The first stage in filtering greywater is to remove large particles (e.g. hair and lint) through using a cloth bag or old stocking to prevent clogging of the next filter. (Kitchen water should pass through a grease trap first.) This can occur using several different types of decentralized technologies.
Wastewater treatment is a complex process that demands a combination of solutions, rather than a one-size-fits-all approach. All septic systems require oxygen so bacteria can properly convert complex molecules into basic ones like carbon dioxide (CO2), water (H2O), and nitrogen, as well as eliminate viruses like E. Coli. Therefore, the major difference between the tertiary systems is how the oxygen gets to the bacteria. Some pump air into the sewage, while others put the sewage into an area with oxygen.
With residential projects, all daily flow calculations start with the number of bedrooms and an approximation of water use for each person, but this is not the case when it comes to other factors. Other considerations include terrain/soil site conditions, along with the fixtures used—including the types (low-flow, high-efficiency, or not) and number of washers (dish/laundry), faucets, showers, tubs, and floor drains used or installed on the premises.
For most advanced treatment systems, whether they are integrated fixed-film activated sludge treatment, trickling filter systems, extended aeration systems, or onsite membrane bioreactors (MBRs), the technology easily scales up to accommodate the flows between small-scale packaged systems (as low as 1-m3 [35-cf] daily flows) and full-scale wastewater treatment plants (beyond 600 m3 [21,190 cf]). Each system has a slightly different setup, depending on the site conditions and the level of maintenance willing to be undertaken.
Other types of adaptive, onsite wastewater technologies employing highly efficient treatment processes include:
- effluent screening (provides pre-treatment)—septic-tank deflection devices designed to screen (down to 3-mm [118-mil] solids) insoluble debris from wastewater to promote natural attenuate flow and sedimentation (and has a cleaned-in-place swabbing feature);
- submerged aeration (typical treatment)—fine- or coarse-bubble supplementary aeration that creates a vortex circulation, mixing the liquid in the wastewater to promote removal of biological oxygen demand (BOD);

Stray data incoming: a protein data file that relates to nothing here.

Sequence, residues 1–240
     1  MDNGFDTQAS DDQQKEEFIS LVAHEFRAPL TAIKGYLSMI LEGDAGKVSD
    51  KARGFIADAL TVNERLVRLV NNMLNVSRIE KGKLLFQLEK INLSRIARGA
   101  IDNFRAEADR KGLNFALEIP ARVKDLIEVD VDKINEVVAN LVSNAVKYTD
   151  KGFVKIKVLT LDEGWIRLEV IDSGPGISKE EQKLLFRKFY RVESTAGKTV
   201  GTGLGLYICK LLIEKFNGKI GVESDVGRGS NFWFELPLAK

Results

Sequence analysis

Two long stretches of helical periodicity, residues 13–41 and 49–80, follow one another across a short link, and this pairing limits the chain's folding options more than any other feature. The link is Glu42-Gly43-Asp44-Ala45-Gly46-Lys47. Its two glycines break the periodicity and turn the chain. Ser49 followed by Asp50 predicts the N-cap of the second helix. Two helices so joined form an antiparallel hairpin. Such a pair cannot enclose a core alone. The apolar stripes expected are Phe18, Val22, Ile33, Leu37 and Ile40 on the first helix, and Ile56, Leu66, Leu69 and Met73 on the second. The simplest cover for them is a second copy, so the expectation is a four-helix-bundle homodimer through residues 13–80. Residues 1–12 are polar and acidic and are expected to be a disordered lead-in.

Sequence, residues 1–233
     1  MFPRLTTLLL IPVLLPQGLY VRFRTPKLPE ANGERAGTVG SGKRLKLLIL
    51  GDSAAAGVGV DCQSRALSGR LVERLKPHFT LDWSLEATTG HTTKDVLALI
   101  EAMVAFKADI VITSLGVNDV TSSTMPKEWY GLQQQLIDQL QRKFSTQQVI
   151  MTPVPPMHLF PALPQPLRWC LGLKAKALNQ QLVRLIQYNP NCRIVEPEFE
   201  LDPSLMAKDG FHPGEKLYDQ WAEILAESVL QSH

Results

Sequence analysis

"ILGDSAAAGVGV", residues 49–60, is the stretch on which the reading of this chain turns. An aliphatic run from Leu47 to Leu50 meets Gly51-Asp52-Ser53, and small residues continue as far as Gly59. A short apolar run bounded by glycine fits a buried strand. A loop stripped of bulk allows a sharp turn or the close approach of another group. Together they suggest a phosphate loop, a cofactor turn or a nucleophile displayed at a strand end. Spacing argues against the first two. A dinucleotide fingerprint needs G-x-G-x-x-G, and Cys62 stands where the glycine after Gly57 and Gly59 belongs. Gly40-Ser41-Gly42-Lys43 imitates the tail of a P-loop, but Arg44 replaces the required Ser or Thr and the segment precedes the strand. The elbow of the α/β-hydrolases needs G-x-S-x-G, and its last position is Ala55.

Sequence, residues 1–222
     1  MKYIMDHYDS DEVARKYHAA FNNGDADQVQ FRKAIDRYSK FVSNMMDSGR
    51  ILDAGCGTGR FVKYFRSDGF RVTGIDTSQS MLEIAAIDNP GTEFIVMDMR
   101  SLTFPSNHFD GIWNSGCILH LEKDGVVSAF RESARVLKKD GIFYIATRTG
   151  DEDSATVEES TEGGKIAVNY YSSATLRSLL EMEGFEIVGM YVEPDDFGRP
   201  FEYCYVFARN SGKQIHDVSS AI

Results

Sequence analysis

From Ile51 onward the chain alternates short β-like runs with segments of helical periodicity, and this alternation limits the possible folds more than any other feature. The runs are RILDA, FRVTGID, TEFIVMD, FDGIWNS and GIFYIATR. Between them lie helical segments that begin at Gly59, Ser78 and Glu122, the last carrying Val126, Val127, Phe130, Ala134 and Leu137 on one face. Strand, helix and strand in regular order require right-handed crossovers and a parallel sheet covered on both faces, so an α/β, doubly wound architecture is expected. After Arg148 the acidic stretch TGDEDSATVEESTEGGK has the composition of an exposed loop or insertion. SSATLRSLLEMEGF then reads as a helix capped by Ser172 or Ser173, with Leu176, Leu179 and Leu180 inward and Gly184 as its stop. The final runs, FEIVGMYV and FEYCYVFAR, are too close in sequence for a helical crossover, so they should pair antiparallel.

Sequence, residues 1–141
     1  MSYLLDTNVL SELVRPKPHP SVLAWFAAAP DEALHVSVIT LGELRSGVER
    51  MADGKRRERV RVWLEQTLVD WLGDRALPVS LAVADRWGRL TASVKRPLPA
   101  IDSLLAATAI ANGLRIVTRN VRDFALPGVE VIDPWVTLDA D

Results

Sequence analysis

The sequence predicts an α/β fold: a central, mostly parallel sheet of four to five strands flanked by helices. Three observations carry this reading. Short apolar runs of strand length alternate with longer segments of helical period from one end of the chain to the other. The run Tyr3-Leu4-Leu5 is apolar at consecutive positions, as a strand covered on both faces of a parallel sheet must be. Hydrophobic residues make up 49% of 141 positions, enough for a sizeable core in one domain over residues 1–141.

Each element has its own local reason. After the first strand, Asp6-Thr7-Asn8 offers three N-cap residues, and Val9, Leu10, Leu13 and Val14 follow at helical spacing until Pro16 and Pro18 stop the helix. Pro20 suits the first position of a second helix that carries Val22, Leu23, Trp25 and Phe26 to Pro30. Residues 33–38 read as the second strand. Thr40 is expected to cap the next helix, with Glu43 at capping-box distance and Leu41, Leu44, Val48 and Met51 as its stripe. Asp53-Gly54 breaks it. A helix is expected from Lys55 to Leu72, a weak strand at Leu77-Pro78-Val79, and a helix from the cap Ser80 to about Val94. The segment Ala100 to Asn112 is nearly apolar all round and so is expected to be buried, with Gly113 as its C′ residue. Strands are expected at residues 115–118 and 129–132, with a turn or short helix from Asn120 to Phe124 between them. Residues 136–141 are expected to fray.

- extended aeration (typical treatment)—a complete mixed-activated treatment system utilizing submerged aerators for suspended-aeration wastewater treatment process;
- trickling filter (enhanced treatment)—automated, recirculating, pre-engineered, advanced wastewater treatment system employing a spray function to saturate textile media;
- fixed-film technology (integrated, enhanced treatment)—submerged, oxygenated, attached growth media system to create robust growth with naturally occurring bacteria and a nitrified/denitrified recirculation action to treat wastewater; and
- MBRs (ultrafiltration)—membranes and aeration process act as an impenetrable physical barrier to produce water filtrate that is 99.9 percent removed of pollutants.
Residential and commercial blackwater and greywater recycling systems have entered the U.S. marketplace with continual support from certifying bodies like NSF International, PIA GmbH, and the U.S. Environmental Protection Agency Environmental Technology Verification (EPA ETC) program—third-party agencies that review the technologies with testing and provide certification to global safety standards.
NSF establishes criteria to improve awareness and acceptance of water reuse technologies that reduce impacts on the environment, municipal water and wastewater treatment facilities, and energy costs. Onsite MBRs certified to NSF 350, Onsite Water Reuse, dramatically simplify the settling, screening, direct aeration, and ultrafiltration of the wastewater treatment process to remove 99.9 percent of the contaminants and result in high-quality effluent.
The treated wastewater from an MBR can be used for restricted indoor water use and/or unrestricted outdoor water use. Such membrane bioreactor systems can be suited for water reuse applications due to the low-flow, durable, flat-sheet membranes that use micro-sized pores for physical separation of solids from the wastewater.
These systems also meet water quality requirements for the reduction of chemical and microbiological containments. They typically have a recirculating feature to aid in nitrate removal. This decentralized treatment system offers lower costs than centralized sewering, and is often ideal for single homes or small communities. Proprietary products with low maintenance needs can be especially ideal for the residential market, but other membrane bioreactor systems have mandatory chemical ‘clean-in-place’ (CIP) control for cleaning every two weeks.